“This is what we signed up for, as a nurse,” Bortz said, noting past situations like SARS in 2003 or ebola in the mid-2010s. The difference with this particular outbreak, though, has been the sheer length of its impact compared to those others, and how severely close to home it’s hitting in America. “It’s just so prolonged, everybody has a heightened sense and that might be taking a toll on people. This is something that you are nervous about going into work and bringing it home, I think that’s the tough part. [...] It’s really hit home for everybody.”
For Bortz, the hardest part has been separation from his family, a precaution he has taken to protect them from any illness he might transmit during the outbreak. He lives in an apartment with his fiancee, but they’ve avoided bringing her six year old son away from their apartment for weeks because of the outbreak and concern over anything Bortz may have picked up at his job. He has, he admits, snuck over to his mom’s house a few times, but he’s comforted by the fact that she willingly, and somewhat humorously, follows him around with a bleach bottle to decontaminate as he moves throughout the house.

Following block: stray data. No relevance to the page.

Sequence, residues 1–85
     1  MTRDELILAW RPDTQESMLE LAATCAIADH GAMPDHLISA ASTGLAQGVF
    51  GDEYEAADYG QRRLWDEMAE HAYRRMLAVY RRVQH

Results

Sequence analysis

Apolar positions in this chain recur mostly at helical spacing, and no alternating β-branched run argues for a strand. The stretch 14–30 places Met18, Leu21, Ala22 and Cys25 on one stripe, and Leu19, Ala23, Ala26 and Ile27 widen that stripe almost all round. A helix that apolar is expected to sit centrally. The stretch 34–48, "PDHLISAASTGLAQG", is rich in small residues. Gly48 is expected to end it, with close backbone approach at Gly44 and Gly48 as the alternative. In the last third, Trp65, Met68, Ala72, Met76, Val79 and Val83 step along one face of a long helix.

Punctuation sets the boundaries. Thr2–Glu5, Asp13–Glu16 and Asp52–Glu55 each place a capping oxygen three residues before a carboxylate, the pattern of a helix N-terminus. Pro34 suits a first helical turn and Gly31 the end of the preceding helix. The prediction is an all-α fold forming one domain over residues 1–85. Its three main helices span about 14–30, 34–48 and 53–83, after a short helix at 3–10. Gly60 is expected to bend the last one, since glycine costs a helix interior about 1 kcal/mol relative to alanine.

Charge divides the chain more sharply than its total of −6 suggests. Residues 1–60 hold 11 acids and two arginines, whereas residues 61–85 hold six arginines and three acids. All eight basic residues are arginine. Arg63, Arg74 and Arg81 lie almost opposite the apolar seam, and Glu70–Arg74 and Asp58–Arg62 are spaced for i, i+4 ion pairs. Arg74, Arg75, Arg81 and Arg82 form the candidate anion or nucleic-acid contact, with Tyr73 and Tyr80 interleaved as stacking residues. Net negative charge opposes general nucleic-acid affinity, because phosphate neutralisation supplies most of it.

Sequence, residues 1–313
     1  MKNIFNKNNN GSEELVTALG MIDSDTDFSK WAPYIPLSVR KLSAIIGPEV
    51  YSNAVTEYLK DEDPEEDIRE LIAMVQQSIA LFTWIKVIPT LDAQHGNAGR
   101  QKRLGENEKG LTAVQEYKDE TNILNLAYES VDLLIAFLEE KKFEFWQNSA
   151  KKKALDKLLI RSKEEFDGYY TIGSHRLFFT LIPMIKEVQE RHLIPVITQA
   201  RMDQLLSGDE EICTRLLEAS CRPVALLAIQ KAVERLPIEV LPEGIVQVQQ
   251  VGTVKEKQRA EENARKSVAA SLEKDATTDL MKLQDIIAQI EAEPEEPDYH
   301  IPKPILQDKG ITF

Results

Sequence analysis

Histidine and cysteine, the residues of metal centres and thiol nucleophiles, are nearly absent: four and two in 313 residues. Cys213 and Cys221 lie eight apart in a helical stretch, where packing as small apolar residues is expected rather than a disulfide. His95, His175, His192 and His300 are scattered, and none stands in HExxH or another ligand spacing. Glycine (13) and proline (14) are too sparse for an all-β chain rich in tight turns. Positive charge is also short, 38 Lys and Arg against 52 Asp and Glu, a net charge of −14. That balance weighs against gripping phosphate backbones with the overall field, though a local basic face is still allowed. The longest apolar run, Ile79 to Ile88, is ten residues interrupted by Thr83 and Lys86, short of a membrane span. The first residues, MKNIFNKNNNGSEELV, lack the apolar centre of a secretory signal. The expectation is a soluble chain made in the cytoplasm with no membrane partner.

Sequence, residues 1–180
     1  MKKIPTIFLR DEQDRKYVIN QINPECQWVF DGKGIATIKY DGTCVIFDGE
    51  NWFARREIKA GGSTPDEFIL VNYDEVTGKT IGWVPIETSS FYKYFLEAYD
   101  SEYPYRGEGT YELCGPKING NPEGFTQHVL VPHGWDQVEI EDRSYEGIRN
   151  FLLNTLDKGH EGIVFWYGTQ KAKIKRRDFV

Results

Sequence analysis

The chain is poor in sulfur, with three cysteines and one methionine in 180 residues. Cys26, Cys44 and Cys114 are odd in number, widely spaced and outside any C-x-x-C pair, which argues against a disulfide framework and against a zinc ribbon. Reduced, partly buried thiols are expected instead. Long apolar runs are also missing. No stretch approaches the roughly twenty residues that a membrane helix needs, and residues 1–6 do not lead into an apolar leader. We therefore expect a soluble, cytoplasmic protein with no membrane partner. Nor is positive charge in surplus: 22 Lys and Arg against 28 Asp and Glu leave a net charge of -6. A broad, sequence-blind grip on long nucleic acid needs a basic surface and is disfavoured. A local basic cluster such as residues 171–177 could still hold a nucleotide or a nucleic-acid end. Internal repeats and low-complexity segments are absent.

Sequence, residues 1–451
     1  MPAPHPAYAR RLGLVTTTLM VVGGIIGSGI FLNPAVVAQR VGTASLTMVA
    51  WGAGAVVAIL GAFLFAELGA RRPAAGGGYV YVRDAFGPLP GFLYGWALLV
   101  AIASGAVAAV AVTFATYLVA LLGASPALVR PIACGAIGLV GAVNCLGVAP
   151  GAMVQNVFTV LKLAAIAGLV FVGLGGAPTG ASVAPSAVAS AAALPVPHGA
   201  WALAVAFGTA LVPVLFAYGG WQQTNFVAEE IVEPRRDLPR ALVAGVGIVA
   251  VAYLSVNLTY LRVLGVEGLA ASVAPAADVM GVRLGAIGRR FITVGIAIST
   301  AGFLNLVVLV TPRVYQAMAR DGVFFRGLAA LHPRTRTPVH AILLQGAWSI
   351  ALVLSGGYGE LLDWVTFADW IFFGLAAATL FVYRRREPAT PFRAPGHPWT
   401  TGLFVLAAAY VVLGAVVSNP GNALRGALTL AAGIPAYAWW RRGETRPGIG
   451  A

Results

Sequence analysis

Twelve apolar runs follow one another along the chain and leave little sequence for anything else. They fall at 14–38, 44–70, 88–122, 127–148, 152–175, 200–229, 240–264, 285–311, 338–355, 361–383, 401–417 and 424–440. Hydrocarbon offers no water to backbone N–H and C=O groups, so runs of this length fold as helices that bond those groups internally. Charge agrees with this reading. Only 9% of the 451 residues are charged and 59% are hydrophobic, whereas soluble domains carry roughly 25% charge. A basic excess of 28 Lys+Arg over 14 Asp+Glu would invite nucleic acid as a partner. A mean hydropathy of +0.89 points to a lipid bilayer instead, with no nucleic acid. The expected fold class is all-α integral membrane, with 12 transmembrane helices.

As much as nurses have been rightly venerated over the last few weeks, under normal circumstances there isn’t the glamourization or recognition of the profession that other jobs experience in popular culture, like police officers or firefighters or even doctors, Brotz said, to take nothing away from the extreme value of those careers. So while the week has never meant much to him historically, he appreciates that nurses have the chance to get some limelight they don’t normally receive on a large scale.
The mental toll might be the subtlest struggle of this era for nurses, though that doesn’t make it any less severe. Fear of contracting the disease among the general public means that only the most serious of serious cases are coming to the emergency room for treatment, whether they be COVID-19 cases or not.